No sooner are the principles of ‘owned’, ‘earned’ and ‘paid’ media learned, absorbed and deployed then along comes PESO – a four letter acronym replacing the three well understood words to add further complexity.
PESO stands for paid, earned, shared and owned and clearly draws heavily on the former model. The ‘shared’ component is an acknowledgement of the importance of social channels to disseminate ideas, arguments and content. It is also an acceptance that sharing transcends owned, earned and paid. As such, it is a welcome addition to our understanding of modern day communications.
PESO is not a panacea – it needs to be applied rather than adopted wholesale – but it is an effective way of co-ordinating comms in a world of native advertising, social media, blogger outreach and media disintermediation. A model, in other words, for a maturing digital publishing landscape. And it is a model to be used by marketers and PRs alike. As the woman who popularised PESO, Gina Dietrich, says: “PR is marketing. PR is sales. PR is customer service.”
In other posts, we’ll explore paid, earned, shared and owned in more detail but to give a sense how they might work – separately and together – let’s consider each in turn.
Traditional marketing campaigns tend to focus on mass media, above the line channels. And while broadcast, print and outdoor still matter, PESO practitioners are more interested in the tools of the digital trade – piggy-backing on the enormous reach of the web’s search and social platforms. This means Facebook sponsored posts, LinkedIn Ads, YouTube pre-roll and Google AdWords, as well as using content recommendation engines such as Taboola and Outbrain.
Think of earned as traditional PR with a digital twist. As audiences proliferate online so the nature of the influencer – those that might mediate the message – alters. As such earned means press relations, certainly, but it is also about blogger outreach and social media sharing (LinkedIn groups, professional forums and so on). Throw in investor and internal stakeholder relations to understand the scope of an earned media strategy.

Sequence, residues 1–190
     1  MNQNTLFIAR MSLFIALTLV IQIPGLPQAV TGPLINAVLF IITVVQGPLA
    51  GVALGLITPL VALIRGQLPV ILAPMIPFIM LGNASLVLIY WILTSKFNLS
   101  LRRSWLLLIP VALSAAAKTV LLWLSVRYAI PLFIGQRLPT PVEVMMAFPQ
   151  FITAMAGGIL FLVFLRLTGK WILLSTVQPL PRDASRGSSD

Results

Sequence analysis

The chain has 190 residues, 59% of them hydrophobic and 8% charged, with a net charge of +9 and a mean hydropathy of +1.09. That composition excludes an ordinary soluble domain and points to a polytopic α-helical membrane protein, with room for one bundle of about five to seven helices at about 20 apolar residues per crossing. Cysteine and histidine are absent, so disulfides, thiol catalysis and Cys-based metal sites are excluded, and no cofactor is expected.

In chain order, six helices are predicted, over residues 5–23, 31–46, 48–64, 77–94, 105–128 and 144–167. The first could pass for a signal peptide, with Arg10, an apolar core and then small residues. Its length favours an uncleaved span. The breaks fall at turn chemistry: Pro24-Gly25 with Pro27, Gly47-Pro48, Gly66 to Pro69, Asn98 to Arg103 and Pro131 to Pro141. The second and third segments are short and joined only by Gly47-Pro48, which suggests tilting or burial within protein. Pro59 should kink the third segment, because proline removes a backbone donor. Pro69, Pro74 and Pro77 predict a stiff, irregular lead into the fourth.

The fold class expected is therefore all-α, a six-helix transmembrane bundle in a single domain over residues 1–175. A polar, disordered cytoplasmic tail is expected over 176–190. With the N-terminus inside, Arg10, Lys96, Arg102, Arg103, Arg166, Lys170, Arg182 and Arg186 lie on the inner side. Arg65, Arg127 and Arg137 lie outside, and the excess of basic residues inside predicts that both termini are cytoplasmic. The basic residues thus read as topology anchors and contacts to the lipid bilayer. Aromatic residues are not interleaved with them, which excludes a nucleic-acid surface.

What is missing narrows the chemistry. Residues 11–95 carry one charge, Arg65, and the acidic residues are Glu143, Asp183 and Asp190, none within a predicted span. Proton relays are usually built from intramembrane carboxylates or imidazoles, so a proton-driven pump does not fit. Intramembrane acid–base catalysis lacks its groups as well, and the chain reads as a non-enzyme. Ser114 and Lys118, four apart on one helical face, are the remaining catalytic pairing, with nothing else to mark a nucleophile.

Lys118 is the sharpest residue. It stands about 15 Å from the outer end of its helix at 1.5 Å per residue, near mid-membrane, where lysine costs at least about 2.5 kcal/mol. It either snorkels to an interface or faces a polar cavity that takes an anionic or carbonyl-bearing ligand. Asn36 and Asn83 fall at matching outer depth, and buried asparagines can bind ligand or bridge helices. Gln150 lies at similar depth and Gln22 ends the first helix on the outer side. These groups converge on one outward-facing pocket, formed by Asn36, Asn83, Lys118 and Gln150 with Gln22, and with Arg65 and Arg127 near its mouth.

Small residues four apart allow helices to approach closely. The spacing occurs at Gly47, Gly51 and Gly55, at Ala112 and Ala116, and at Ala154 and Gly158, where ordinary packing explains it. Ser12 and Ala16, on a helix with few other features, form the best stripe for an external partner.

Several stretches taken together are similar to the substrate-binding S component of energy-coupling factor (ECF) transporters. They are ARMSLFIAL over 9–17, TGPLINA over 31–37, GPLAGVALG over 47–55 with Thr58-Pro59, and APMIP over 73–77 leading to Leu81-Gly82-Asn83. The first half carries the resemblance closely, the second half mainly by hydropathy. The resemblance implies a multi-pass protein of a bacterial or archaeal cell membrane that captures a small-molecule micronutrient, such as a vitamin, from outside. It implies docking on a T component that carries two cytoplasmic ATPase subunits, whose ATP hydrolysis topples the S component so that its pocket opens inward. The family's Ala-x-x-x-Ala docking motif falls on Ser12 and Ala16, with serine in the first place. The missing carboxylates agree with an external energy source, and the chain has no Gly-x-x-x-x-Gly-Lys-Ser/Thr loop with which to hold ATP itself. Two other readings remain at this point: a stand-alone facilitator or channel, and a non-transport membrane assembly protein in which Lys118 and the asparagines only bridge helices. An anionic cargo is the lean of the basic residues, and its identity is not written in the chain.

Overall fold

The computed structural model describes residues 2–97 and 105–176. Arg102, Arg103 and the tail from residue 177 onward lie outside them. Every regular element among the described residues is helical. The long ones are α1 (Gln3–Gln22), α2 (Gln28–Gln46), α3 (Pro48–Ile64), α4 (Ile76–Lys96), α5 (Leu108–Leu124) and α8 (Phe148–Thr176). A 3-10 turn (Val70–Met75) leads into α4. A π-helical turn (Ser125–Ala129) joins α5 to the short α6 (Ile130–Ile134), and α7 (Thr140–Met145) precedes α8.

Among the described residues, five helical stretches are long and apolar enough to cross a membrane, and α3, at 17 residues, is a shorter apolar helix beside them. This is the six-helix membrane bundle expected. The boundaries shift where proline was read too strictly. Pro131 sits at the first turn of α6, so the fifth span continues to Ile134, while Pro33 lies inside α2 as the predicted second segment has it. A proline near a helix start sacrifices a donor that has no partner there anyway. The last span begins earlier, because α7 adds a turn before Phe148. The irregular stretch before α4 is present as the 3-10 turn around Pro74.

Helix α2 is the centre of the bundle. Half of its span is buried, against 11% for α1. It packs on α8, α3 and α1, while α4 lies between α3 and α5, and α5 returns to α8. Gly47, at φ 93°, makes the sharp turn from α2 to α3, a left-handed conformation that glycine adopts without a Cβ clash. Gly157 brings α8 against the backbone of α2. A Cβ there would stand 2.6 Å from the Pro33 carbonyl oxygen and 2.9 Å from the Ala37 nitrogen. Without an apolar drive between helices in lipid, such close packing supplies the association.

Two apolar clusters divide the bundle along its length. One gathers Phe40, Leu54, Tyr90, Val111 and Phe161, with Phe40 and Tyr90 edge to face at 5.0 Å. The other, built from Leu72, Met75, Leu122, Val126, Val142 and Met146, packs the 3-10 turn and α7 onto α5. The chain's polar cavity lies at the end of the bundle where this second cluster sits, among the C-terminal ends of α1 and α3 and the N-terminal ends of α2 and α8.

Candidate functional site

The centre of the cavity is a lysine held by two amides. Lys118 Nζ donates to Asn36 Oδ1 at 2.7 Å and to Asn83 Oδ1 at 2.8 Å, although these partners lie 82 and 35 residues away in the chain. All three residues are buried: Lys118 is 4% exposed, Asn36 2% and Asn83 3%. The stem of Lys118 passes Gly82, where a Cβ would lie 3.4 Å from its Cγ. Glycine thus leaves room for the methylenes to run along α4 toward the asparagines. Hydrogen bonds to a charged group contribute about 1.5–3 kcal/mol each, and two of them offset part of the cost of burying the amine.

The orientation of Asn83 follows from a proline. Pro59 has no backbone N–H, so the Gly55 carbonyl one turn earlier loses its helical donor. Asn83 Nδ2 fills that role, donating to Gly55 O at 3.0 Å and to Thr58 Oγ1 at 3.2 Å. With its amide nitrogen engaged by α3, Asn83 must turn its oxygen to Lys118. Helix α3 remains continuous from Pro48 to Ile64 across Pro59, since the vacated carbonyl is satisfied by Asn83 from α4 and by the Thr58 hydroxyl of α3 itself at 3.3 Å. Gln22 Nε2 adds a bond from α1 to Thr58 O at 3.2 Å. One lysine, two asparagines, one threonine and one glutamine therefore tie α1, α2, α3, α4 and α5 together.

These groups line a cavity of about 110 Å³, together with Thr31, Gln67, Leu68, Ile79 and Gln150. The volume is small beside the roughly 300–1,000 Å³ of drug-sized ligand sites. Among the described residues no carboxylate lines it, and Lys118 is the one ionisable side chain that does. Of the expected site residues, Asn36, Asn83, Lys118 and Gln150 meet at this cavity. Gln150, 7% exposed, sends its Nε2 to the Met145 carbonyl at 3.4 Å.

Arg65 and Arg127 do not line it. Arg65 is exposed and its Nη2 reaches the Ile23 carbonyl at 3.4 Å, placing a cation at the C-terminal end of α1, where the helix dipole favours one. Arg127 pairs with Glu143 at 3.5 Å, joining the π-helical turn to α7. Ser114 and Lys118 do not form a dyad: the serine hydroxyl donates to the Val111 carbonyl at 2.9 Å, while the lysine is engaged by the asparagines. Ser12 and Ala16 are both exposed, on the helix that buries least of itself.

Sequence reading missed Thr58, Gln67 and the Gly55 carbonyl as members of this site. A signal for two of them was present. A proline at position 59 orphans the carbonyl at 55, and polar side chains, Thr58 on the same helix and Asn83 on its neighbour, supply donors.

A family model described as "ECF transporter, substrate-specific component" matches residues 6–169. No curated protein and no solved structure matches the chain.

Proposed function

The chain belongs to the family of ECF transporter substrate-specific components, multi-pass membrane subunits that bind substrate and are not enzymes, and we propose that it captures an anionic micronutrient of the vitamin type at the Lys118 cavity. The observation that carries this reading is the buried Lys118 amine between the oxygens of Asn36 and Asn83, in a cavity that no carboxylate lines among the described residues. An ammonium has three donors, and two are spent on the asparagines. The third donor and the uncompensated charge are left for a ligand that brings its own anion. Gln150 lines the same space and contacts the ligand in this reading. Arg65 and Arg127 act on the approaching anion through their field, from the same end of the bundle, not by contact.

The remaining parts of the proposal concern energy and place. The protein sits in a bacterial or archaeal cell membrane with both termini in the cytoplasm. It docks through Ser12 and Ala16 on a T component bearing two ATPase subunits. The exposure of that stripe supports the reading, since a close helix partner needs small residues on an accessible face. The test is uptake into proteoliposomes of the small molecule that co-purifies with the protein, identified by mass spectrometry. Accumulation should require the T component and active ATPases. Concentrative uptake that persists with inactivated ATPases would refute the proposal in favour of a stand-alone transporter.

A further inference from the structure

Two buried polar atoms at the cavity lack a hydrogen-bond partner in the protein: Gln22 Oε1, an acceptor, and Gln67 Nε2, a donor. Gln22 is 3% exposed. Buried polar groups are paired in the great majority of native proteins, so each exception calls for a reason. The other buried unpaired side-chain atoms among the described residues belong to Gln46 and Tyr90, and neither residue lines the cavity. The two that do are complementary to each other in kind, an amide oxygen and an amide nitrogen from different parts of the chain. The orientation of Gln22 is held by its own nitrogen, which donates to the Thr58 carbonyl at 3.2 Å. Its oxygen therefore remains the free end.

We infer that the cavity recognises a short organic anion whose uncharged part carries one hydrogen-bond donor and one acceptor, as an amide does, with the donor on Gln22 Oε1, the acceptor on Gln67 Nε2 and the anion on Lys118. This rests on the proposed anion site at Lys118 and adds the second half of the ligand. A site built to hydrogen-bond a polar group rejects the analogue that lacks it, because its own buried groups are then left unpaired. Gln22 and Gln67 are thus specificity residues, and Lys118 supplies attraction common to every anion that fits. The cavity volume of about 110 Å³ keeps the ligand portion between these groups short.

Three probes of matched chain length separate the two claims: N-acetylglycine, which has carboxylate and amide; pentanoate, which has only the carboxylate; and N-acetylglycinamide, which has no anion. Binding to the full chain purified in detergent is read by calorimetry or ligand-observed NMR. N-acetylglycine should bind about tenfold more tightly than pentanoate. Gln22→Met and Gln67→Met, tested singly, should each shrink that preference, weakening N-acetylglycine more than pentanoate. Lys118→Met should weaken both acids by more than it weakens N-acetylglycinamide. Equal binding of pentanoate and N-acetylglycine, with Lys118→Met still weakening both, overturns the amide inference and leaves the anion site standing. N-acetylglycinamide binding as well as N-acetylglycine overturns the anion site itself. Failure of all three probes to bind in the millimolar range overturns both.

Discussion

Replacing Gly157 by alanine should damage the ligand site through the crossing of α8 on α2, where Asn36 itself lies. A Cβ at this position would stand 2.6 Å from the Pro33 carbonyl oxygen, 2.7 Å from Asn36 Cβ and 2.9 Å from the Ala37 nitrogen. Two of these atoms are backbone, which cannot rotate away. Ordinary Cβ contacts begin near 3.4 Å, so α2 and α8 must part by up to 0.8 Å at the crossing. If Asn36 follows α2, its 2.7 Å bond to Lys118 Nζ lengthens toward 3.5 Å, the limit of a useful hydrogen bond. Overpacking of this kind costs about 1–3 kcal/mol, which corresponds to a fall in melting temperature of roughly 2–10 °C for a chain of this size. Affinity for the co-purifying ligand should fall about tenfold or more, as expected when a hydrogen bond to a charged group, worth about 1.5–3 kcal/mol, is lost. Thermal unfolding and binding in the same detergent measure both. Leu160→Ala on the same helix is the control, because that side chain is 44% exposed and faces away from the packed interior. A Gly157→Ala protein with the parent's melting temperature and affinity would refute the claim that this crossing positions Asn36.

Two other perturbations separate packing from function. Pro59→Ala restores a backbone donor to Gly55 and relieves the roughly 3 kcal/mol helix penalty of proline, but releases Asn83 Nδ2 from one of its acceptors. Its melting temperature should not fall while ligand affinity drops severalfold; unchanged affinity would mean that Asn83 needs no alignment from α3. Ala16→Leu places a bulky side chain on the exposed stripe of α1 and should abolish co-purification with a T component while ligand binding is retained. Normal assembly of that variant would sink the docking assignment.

Not just organic social media activity but paid and owned too. For social media don’t just think social networks – LinkedIn, Facebook and Twitter – also think video sharing, wikis and forums. And remember, social sharing is now rewarded twice over – first by instant traffic and reach and second, thanks to adaptations of Google’s algorithm, by improved search engine optimisation.
This is about company-owned digital destinations – websites, apps and newsletters. But it is also about customer magazines. Print still matters, helping to convey gravitas and providing an enduring physical presence. And whether it’s digital or print, the content mix remains the same – customer stories, case studies, thought leadership and expert analysis.
So how do organisations get the most out of the PESO model? Begin by remembering these three principles:
- Map PESO against the marketing funnel. Different components of PESO are likely to play better at various points along the decision-making process. For example, paid and shared might be best deployed to extend reach and raise awareness while earned might add credibility and owned might host the collateral – think case studies and service specs – that convert would-be customers and clients into actual customers and clients.
- Remember, PESO is more than the sum of its parts. While PESO neatly divides modern communications channels into four component parts, conceptually it should be thought of as an interlocking Venn diagram. So brand journalism (owned media) can benefit from promotion as native advertising (paid media). Equally, positive media coverage (earned media) can be amplified by social media outreach (shared media).
- Good quality content matters most. PESO offers a framework for strategies and tactics to extend reach, raise awareness and reinforce communication but it is not replacement therapy. Clear and compelling messaging still matters. Great quality content – conceived and delivered with the audience in mind – will out. Always.